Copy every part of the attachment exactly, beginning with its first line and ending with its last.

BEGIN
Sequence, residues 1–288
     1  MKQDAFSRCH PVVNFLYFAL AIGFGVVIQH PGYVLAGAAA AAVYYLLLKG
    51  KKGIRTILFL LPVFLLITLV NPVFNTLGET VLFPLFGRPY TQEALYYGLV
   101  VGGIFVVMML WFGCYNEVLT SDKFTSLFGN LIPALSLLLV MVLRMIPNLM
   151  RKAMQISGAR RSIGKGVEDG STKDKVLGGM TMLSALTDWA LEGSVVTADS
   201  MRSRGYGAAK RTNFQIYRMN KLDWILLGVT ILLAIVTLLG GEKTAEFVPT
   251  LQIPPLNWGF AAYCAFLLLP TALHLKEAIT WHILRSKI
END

Sequence, residues 1–288
     1  MKQDAFSRCH PVVNFLYFAL AIGFGVVIQH PGYVLAGAAA AAVYYLLLKG
    51  KKGIRTILFL LPVFLLITLV NPVFNTLGET VLFPLFGRPY TQEALYYGLV
   101  VGGIFVVMML WFGCYNEVLT SDKFTSLFGN LIPALSLLLV MVLRMIPNLM
   151  RKAMQISGAR RSIGKGVEDG STKDKVLGGM TMLSALTDWA LEGSVVTADS
   201  MRSRGYGAAK RTNFQIYRMN KLDWILLGVT ILLAIVTLLG GEKTAEFVPT
   251  LQIPPLNWGF AAYCAFLLLP TALHLKEAIT WHILRSKI